Once we’ve done the labor of picking the fruit through the long night, it’s time for the “little workers” to begin their very important job of turning that fruit into wine. Yeast have been doing this kind of thing on their own for a very long time, whether it be with grains, fruit, any kind of vegetative matter, a process known as fermentation. In most cases, when making wine (or beer or bread), to get a consistent product, you want to be able to control what the yeast is doing to a degree, which is something we do at Naggiar- partially (explanation to come).
Fermentation, in terms of the wine industry, happens when elements from the yeast react with the sugars in the fruit to turn that sugar into alcohol. As I’ve explained it, it seems such a simple process, but a lot of things can go wrong. If the fermentation gets too hot too quickly or not enough nutrients are present, you can end up with a “stuck fermentation” which is pretty much as bad as it sounds. If the yeast stress (yes, these little guys get stressed, too) due to temperature, alcohol, or nutrient deficiencies, or worst of all, un-sanitized conditions, you can end up with a bad-sulfide production which gives the wine an eau-de-barnyard aroma.
So, there are quite a few tricky areas to navigate during fermentation, and here is where the “partially-controlled” fermentation that I mentioned above comes in. At Naggiar, we allow ALL of our fermentations to start with the indigenous yeast that is present on the grapes. We start our fermentation with the yeast coming in from the vineyard and, like a box of chocolates, you never know what you’re gonna get. It’s a fine line to tread and keeps everyone on their toes, but it also allows us to separate our wines from everyone else. These are yeast from our vineyard and our winery, our personal little workers, totally unique to one degree or another, helping to make Naggiar a world-class wine.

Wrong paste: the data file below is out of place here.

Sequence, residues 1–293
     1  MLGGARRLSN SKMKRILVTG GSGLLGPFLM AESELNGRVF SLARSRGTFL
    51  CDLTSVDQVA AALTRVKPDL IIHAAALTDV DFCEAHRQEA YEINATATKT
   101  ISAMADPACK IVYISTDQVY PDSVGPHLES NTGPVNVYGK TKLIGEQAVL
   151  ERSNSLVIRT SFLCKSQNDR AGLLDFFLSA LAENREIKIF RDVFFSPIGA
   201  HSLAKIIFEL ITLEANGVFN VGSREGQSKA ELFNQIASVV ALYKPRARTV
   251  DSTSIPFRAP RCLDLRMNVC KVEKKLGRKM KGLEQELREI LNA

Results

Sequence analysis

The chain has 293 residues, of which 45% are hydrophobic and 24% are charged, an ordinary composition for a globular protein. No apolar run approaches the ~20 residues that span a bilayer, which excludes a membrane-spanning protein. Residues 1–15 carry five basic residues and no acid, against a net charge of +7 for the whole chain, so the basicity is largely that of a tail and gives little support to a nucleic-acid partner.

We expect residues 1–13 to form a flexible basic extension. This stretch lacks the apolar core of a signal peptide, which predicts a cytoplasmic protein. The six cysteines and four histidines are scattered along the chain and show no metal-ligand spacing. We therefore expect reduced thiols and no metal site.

So, come to Naggiar and raise a glass of your favorite Naggiar wine in a toast to our little workers, the yeast, who work so hard to transfer juice of the grapes into nectar of the gods.
Continuing with the theme of seasonal workers, in two weeks I’ll be doing a feature on a trio that work for nothing but the pursuit of knowledge and training- our seasonal interns. In the meantime, next week, I’ll have my own “intern” in the form of Kathryn Freeman, who will be an occasional featured writer for the blog. The intern moniker is just in jest as Kathryn is the very accomplished writer of the weekly emails, just one way among the other countless ways she contributes to the Naggiar experience.